Economics of an Ad Network: 5 Year Financial Model

An ad network connects ad inventory from publishers to advertiser demand. It can be considered a marketplace in most cases. By connecting these two groups, the ad network provides value and takes a fee for such value. This model was designed to show the expected financial performance of an ad network based on assumptions related impressions / CPM / fee percentage.

$45.00 USD

The template will be immediately available to download after purchase. This template is included in the SaaS Financial Model template bundle as well as the industry-specific financial model bundle.

ad network

The model is driven by defining up to three types of publishers. The following attributes are available for configuration in each type of publisher, which will drive impressions and revenue:

  • Start month
  • Starting count
  • Monthly compounded growth rate of count over 5 years (can change each year)
  • Starting monthly impressions
  • Monthly compounded growth rate of impressions (can change each year)
  • Average CPM per year
  • Percentage of impressions that are filled by advertisers (can change each year)
  • Fee rate that the ad network charges on ad revenue facilitated by the ad network
The above assumptions allow for varying configurations. For example, you may have averages for desktop based publishers, mobile publishers, and offline publishers. There could be infinity types of ways to do this, but the goal of this model was to provide enough granularity to plan out different kinds of publishers with varying CPM rates without being too overwhelming to the user of this financial model.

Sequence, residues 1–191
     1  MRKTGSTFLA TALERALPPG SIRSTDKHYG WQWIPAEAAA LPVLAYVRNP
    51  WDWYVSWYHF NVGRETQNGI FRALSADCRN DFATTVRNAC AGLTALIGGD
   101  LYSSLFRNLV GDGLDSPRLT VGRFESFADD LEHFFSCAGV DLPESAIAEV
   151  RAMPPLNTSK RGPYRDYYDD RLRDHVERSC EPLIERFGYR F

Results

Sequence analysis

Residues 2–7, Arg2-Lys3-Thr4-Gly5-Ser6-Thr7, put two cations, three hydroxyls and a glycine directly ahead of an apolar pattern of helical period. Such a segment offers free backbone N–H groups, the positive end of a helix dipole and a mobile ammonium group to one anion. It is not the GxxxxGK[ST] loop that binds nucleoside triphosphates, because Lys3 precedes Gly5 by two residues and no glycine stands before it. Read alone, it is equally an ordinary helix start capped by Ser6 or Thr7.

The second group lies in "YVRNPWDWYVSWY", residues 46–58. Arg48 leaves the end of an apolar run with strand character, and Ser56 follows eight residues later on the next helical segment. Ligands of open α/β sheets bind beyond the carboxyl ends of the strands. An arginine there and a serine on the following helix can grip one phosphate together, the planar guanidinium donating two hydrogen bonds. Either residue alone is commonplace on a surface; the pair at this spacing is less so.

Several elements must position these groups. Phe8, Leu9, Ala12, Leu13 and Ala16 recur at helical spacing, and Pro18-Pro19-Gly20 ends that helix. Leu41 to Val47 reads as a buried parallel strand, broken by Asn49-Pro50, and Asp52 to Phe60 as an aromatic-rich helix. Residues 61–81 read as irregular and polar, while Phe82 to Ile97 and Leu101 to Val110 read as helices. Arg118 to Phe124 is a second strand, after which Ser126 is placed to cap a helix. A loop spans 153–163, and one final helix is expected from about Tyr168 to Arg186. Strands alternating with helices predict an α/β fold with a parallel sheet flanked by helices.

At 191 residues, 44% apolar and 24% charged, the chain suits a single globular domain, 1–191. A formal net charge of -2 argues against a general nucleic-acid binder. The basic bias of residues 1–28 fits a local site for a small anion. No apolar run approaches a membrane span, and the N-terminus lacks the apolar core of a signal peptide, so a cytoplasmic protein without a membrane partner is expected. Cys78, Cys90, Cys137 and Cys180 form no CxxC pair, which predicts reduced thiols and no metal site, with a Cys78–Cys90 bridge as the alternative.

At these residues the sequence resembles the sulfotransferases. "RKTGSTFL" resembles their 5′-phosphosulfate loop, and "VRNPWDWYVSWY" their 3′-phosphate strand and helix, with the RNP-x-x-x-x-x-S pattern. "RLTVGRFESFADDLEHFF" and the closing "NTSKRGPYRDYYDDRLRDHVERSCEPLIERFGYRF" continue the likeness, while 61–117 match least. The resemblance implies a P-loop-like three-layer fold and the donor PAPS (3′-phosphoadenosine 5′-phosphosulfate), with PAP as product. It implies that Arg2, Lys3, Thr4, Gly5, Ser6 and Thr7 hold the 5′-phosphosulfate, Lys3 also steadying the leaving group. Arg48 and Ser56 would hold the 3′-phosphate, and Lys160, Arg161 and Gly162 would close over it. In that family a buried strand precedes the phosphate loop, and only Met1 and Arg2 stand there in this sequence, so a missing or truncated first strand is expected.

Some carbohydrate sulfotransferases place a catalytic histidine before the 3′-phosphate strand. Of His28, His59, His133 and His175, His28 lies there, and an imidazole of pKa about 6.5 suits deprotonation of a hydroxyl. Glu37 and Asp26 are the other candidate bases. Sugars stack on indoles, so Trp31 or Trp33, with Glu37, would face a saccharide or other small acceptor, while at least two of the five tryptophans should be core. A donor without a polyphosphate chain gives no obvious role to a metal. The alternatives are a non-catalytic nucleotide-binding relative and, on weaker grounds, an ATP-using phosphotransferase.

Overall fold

One of the biggest things I liked about this model is that it did require a matrix style logical structure in order to know the amount of impressions produced by publishers over time and being able to isolate each monthly cohort to show that impressions can grow for a publisher over time based on the age of a publisher on the ad network.

Beyond revenue logic, there were plenty of assumptions for operating expenses. The user can define the start month and monthly cost by each cost line item over 5 years. 

For cost of goods sold (COGS), there are up to 4 way to define it. The user can use all 4 or just 1 or some amount in-between. These include being able to flat out define it as a % of revenue and zero everything else out, or you can define COGS by cost per publisher per type, cost per impressions by publisher type, and/or a hard coded value for COGS for each type that is not directly tied to any other reference.

The goal of this model is to make it useful and clear. Some of that means calling out as many calculations as possible so that even further analysis can be done. This means not putting too much information into a single row. 

One interesting data callout here is the average CPM of the network. 

There are visuals for those metrics and a wide range of other financial items.

The user has the ability to define the source of funds (debt, investor equity, owner equity) as well as the exit month if applicable and sales revenue multiple for valuation. 

A DCF analysis exists for the project as a whole and for the investor/owner distribution legs if applicable as well as visualizations therein. A high level executive summary was built to show specific items that are more akin to a financial statement. 

Other key metrics exist for all pools: IRR, NPV, Equity Multiple, ROI

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